The effects of exendin-4 on Sirt1 expression as a mechanism of reducing fatty liver have not been previously reported. Therefore, we investigated whether the beneficial effects of exendin-4 treatment on fatty liver are mediated via Sirt1 in high-fat (HF) diet-induced obese C57BL/6J mice and related cell culture models. Exendin-4 treatment decreased body weight, serum free fatty acid (FA), and triglyceride levels in HF-induced obese C57BL/6J mice. Histological analysis showed that exendin-4 reversed HF-induced hepatic accumulation of lipids and inflammation. Exendin-4 treatment increased mRNA and protein expression of Sirt1 and its downstream factor, AMPK, in vivo and also induced genes associated with FA oxidation and glucose metabolism. In addition, a significant increase in the hepatic expression of Lkb1 and Nampt mRNA was observed in exendin-4-treated groups. We also observed increased expression of phospho-Foxo1 and GLUT2, which are involved in hepatic glucose metabolism. In HepG2 and Huh7 cells, mRNA and protein expressions of GLP-1R were increased by exendin-4 treatment in a dose-dependent manner. Exendin-4 enhanced protein expression of Sirt1 and phospho-AMPKα in HepG2 cells treated with 0.4 mM palmitic acid. We also found that Sirt1 was an upstream regulator of AMPK in hepatocytes. A novel finding of this study was the observation that expression of GLP-1R is proportional to exendin-4 concentration and exendin-4 could attenuate fatty liver through activation of Sirt1.
There is paucity of data regarding the geographical distribution, incidence, and phylogenetics of multi-drug resistant (MDR) Salmonella Typhi in sub-Saharan Africa. Here we present a phylogenetic reconstruction of whole genome sequenced 249 contemporaneous S. Typhi isolated between 2008-2015 in 11 sub-Saharan African countries, in context of the 2,057 global S. Typhi genomic framework. Despite the broad genetic diversity, the majority of organisms (225/249; 90%) belong to only three genotypes, 4.3.1 (H58) (99/249; 40%), 3.1.1 (97/249; 39%), and 2.3.2 (29/249; 12%). Genotypes 4.3.1 and 3.1.1 are confined within East and West Africa, respectively. MDR phenotype is found in over 50% of organisms restricted within these dominant genotypes. High incidences of MDR S. Typhi are calculated in locations with a high burden of typhoid, specifically in children aged <15 years. Antimicrobial stewardship, MDR surveillance, and the introduction of typhoid conjugate vaccines will be critical for the control of MDR typhoid in Africa.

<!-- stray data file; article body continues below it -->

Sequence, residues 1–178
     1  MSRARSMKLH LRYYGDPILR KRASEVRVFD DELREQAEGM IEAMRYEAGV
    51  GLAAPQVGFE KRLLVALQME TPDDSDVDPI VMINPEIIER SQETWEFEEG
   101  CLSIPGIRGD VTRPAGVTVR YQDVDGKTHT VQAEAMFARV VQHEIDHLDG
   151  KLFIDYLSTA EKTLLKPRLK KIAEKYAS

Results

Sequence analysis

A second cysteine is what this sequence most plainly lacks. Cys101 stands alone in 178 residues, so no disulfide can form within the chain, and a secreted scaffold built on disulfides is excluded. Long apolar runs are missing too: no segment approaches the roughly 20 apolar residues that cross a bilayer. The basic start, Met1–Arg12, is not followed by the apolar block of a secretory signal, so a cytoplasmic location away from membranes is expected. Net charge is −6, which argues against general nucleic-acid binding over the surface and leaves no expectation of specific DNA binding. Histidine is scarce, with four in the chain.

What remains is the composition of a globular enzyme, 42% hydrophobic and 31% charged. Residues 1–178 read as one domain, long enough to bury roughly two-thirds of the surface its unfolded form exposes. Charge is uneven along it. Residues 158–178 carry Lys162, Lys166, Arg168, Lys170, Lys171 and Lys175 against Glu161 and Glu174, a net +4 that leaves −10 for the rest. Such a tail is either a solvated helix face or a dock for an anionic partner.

OBJECTIVETo evaluate whether there is a difference in the association between nonalcoholic fatty liver disease (NAFLD) and incident diabetes based on the presence of impaired fasting glucose.RESEARCH DESIGN AND METHODSA total of 7,849 individuals (5,409 men and 2,440 women) without diabetes, who underwent comprehensive health check-ups annually for 5 years, were categorized into four groups by the presence of impaired fasting glucose and NAFLD at baseline. The association between NAFLD and incident diabetes was evaluated separately in groups with normal and impaired fasting glucose.RESULTSFor 4 years, the incidence of diabetes in the NAFLD group was 9.9% compared with 3.7% in the non-NAFLD group, with multivariable-adjusted hazard ratio of 1.33 (95% CI 1.07–1.66). However, this higher risk for diabetes only existed in the impaired fasting glucose group.CONCLUSIONSOur study suggests that NAFLD has an independent and additive effect on the development of diabetes under conditions of impaired insulin secretion.
Insulin resistance in insulin target tissues including liver, skeletal muscle and adipose tissue is an early step in the progression towards type 2 diabetes. Accurate diagnostic parameters reflective of insulin resistance are essential. Longstanding tests for fasting blood glucose and HbA1c are useful and although the hyperinsulinemic euglycemic clamp remains a "gold standard" for accurately determining insulin resistance, it cannot be implemented on a routine basis. The study of adipokines, and more recently myokines and hepatokines, as potential biomarkers for insulin sensitivity is now an attractive and relatively straightforward approach. This review discusses potential biomarkers including adiponectin, RBP4, chemerin, A-FABP, FGF21, fetuin-A, myostatin, IL-6, and irisin, all of which may play significant roles in determining insulin sensitivity. We also review potential future directions of new biological markers for measuring insulin resistance, including metabolomics and gut microbiome. Collectively, these approaches will provide clinicians with the tools for more accurate, and perhaps personalized, diagnosis of insulin resistance.